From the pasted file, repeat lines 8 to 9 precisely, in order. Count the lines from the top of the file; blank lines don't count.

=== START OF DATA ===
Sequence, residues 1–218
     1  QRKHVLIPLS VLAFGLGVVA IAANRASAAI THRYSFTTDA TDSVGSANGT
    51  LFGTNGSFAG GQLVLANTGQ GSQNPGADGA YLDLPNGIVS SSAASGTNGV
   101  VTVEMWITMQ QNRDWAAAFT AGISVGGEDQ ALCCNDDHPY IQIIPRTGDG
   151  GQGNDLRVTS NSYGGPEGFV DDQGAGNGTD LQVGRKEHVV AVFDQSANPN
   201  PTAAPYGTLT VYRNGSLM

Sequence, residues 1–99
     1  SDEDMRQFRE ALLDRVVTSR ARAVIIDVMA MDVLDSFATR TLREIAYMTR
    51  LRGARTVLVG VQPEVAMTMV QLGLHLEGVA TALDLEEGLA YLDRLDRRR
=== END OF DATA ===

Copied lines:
     1  SDEDMRQFRE ALLDRVVTSR ARAVIIDVMA MDVLDSFATR TLREIAYMTR
    51  LRGARTVLVG VQPEVAMTMV QLGLHLEGVA TALDLEEGLA YLDRLDRRR